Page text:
Cartography for Cognitive Radio Networks
Oct 29, 2012
from 01:00 PM to 02:30 PM
|Where||Engr. IV Bldg., Shannon Room 54-134|
|Contact Name||Prof. Danijela Cabric|
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University of Minnesota
Spectrum sensing is a critical prerequisite in envisioned applications of wireless cognitive radio (CR) networks, which promise to resolve the perceived bandwidth scarcity versus under-utilization dilemma. This talk presents recent advances for comprehensive situation awareness at the PHY of CR networks by capitalizing on the novel notion of spatio-temporal RF cartography, which amounts to constructing two families of maps: (m1) global power spectral density maps capturing the distribution of power across space, time, and frequency; and (m2) local channel gain maps providing the propagation medium per frequency from each node to any point in space and time. Paralleling the success of routing tables, the vision is to have CR nodes jointly utilize these maps so as to enable: (v1) identification of opportunistically available spectrum bands for re-use, and handoff operation; (v2) localization, transmit-power estimation, and tracking of primary user activities; and (v3) interference control, resource allocation, and routing. If time allows, distributed implementations of CR sensing will be presented too, along with dynamic network-level cartography.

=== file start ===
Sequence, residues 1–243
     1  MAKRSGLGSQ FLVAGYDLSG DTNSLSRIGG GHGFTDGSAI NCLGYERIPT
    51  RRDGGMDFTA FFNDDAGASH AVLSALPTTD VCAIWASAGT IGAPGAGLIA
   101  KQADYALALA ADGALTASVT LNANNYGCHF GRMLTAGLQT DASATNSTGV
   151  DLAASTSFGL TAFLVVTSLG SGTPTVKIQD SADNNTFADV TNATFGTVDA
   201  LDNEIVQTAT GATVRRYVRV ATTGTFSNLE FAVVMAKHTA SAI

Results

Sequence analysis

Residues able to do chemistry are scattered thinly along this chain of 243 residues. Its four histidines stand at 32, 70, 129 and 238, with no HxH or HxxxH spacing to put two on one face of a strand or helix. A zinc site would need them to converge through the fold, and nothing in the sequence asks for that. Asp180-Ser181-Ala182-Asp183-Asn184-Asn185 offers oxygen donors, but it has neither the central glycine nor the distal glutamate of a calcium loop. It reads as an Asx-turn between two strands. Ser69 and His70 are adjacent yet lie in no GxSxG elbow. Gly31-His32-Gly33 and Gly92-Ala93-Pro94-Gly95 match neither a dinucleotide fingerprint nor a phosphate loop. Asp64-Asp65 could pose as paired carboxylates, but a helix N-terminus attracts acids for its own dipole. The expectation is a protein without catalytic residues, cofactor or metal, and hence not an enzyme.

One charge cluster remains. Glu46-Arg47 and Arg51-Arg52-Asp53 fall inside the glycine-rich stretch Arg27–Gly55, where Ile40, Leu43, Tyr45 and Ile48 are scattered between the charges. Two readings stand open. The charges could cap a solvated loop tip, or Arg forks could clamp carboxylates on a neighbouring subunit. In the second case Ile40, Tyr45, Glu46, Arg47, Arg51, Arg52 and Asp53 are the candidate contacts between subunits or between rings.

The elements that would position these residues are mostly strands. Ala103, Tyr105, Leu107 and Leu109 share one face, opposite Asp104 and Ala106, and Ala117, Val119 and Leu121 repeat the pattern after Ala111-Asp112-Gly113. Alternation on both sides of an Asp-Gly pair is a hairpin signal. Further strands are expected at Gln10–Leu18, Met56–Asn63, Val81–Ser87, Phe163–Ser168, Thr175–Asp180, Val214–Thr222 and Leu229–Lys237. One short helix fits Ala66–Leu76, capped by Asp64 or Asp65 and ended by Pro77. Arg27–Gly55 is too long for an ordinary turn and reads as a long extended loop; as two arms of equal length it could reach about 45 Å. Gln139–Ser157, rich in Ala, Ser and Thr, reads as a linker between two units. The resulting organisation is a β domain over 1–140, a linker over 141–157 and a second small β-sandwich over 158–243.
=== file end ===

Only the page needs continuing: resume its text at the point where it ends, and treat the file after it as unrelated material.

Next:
G. B. Giannakis (IEEE Fellow'97) received his Diploma in Electrical Engr. from the Ntl. Tech. Univ. of Athens, Greece, 1981. From 1982 to 1986 he was with the Univ. of Southern California (USC), where he received his MSc. in Electrical Engineering, 1983, MSc. in Mathematics, 1986, and Ph.D. in Electrical Engr., 1986. Since 1999 he has been a professor with the Univ. of Minnesota, where he now holds an ADC Chair in Wireless Telecommunications in the ECE Department, and serves as director of the Digital Technology Center.
His general interests span the areas of communications, networking and statistical signal processing - subjects on which he has published two edited books, two research monographs, 20 book chapters, 325 journal and 525 conference papers (H-index=98; top in SP Society). Current research focuses on compressive sampling, cognitive radios, cross-layer designs, wireless sensors, social and power grid networks. He is the (co-) inventor of 21 patents issued, and the (co-) recipient of 8 best paper awards from the IEEE Signal Processing (SP) and Communications Societies, including the G. Marconi Prize Paper Award in Wireless Communications. He also received Technical Achievement Awards from the SP Society (2000), from EURASIP (2005), a Young Faculty Teaching Award, and the G. W. Taylor Award for Distinguished Research from the University of Minnesota. He is a Fellow of EURASIP, and has served the IEEE in a number of posts, including that of a Distinguished Lecturer for the IEEE-SP Society.